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Senior Citizen's Guide to Connecticut

Home Health Care
Now Clearly Part of the Solution

When I started my career in home health 25 years ago most people had no idea or very limited understanding about exactly what we were doing in patient’s homes. In those glorious fee for service days home health care was almost imperceptible to payers and a minor consideration to referral sources that simply saw us as a community service available to patients that might need a little extra support following a hospitalization.

Not anymore.
Home health care is growing at a trajectory that mirrors the demographics of American society. Advances in technology, pharmacology and medicine have fueled the expansion of the industry which has further benefitted from the simple fact that Dorothy put so eloquently: there’s no place like home.

In today’s health care environment, providers across the continuum are challenged by the dual goals of delivering quality service within ever tightening financial constraints. These tough realities are even more sobering amidst an unprecedented competitive and regulatory climate. As health care becomes more transparent and consumers shift from passive receivers of care to active participants and decision-makers, the winning providers will be those that truly master the art and science of collaboration. Respect and understanding are two of the most basic elements of real collaboration—it’s time for home health care to be embraced for the vital and practical solutions we can offer to other providers who are invested in helping patients “live their best lives”.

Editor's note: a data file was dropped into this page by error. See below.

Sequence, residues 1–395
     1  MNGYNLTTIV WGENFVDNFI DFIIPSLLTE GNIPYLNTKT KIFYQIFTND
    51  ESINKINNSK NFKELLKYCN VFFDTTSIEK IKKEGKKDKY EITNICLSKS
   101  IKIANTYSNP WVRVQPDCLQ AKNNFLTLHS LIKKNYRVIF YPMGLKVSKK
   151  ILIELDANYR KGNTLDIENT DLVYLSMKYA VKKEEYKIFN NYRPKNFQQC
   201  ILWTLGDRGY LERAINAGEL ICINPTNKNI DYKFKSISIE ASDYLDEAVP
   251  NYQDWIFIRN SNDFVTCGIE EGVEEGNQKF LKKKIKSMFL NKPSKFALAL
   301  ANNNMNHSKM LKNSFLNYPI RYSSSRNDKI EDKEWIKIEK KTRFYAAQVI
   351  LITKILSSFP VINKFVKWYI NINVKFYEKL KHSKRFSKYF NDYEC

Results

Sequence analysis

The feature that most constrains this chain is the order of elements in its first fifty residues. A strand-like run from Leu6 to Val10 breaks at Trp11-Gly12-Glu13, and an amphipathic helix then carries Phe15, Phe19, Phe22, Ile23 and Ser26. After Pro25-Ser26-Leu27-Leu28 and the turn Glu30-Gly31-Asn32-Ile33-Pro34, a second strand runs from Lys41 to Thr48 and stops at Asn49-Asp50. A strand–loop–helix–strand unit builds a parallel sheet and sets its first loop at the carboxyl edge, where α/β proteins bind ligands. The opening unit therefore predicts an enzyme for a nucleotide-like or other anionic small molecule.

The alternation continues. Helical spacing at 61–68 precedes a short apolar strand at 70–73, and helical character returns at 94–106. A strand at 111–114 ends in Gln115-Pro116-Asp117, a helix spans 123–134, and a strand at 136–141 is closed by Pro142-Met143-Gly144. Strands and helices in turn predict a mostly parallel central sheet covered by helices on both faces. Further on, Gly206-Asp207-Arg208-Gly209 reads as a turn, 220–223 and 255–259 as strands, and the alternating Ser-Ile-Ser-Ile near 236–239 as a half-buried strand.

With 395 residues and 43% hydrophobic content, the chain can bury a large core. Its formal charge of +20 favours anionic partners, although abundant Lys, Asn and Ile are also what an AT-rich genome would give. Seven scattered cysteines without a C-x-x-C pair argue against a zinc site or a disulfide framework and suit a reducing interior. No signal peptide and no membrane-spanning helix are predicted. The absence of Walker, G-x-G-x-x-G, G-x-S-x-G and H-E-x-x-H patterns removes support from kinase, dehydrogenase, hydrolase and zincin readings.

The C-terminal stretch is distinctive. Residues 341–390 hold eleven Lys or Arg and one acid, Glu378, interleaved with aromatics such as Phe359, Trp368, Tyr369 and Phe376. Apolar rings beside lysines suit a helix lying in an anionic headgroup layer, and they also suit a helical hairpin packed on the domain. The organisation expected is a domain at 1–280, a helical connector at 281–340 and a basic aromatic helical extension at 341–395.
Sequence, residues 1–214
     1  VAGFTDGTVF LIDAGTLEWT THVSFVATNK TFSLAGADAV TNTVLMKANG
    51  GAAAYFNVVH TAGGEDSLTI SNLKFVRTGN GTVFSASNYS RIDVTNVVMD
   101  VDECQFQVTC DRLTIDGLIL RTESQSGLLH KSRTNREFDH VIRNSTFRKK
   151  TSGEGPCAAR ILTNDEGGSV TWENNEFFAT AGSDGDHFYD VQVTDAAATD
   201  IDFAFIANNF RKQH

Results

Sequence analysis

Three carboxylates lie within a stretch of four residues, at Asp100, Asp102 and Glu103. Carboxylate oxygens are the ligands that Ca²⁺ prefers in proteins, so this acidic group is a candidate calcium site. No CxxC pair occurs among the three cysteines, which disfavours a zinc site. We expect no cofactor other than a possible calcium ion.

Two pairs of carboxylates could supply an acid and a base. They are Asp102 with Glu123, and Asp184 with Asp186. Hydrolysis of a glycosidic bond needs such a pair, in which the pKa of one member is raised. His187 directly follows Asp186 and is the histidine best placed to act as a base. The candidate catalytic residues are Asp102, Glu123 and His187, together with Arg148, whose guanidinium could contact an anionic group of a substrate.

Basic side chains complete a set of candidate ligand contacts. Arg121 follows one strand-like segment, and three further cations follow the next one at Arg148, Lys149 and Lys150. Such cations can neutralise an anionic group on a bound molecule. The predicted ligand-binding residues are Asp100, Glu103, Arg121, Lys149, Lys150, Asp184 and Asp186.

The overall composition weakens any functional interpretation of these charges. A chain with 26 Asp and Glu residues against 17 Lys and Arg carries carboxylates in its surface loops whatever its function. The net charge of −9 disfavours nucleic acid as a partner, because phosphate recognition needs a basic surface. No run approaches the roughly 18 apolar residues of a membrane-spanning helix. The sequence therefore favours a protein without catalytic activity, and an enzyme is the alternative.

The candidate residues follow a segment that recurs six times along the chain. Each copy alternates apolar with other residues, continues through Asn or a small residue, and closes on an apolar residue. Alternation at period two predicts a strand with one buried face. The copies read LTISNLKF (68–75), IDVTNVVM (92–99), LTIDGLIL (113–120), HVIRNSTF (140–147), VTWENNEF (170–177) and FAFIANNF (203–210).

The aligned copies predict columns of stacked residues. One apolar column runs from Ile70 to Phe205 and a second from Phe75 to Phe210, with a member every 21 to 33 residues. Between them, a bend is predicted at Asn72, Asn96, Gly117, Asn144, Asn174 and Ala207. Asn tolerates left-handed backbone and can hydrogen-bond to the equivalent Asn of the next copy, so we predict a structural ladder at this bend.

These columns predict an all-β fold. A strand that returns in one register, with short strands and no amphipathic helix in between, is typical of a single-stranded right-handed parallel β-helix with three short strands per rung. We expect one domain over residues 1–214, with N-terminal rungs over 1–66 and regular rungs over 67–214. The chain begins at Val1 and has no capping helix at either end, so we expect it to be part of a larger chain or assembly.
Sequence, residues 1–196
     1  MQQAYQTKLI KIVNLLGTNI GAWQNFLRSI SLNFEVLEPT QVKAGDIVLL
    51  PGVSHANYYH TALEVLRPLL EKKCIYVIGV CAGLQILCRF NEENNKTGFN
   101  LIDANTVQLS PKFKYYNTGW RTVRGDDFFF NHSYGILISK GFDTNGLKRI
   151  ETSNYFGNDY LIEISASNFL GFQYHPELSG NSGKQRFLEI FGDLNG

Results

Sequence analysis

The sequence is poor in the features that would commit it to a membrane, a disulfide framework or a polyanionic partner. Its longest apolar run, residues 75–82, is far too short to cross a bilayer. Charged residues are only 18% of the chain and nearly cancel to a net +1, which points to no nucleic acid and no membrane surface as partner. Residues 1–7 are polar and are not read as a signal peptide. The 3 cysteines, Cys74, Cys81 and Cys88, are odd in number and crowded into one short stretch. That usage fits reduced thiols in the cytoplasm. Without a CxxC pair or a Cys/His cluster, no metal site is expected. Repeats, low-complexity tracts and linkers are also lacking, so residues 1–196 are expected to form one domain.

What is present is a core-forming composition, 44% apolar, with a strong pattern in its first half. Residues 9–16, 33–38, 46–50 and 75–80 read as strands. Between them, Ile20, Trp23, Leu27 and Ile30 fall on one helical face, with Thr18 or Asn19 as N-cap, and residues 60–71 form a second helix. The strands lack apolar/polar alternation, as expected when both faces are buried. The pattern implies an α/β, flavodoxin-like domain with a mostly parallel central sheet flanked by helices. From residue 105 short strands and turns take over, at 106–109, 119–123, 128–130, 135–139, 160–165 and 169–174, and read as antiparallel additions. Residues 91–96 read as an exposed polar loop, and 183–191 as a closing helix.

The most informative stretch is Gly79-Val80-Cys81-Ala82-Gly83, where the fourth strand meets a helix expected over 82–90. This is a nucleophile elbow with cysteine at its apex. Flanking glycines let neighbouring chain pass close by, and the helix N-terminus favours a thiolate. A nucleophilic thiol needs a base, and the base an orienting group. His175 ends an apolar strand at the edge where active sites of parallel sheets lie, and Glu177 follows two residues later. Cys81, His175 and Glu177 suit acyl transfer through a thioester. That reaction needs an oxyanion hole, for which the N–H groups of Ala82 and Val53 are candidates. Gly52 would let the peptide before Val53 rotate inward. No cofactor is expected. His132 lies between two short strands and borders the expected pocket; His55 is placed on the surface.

We’re here to help!
Home Care agencies have the benefit of seeing patients in their familiar and every day environment – their homes. We have first-hand knowledge that can be marshaled to support medication and dietary compliance. We know about the family dynamics—or dysfunction—and we can offer real suggestions for engaging patients and caregivers in a viable plan of care. We can tell if the home is safe and advise our partnering hospitals and physicians about changes that can be made to avoid an unnecessary readmission. In partnership with primary care physicians, specialists and hospital staff, we can reinforce the education a patient receives in the office or prior to discharge—and we can make sure the patient stays in touch or gets in touch when a condition changes or new issues come to light.

This is all good news for patients and family caregivers since it means that the collaboration among doctors, hospitals, home health agencies and other providers is going to be an identified value for quality care. It is now clearly recognized that providers that weave the plan of care together actually have better outcomes for patients. The opportunity for innovation and collaboration with other sectors around care transitions is something I know my home care colleagues are genuinely ready to tackle.

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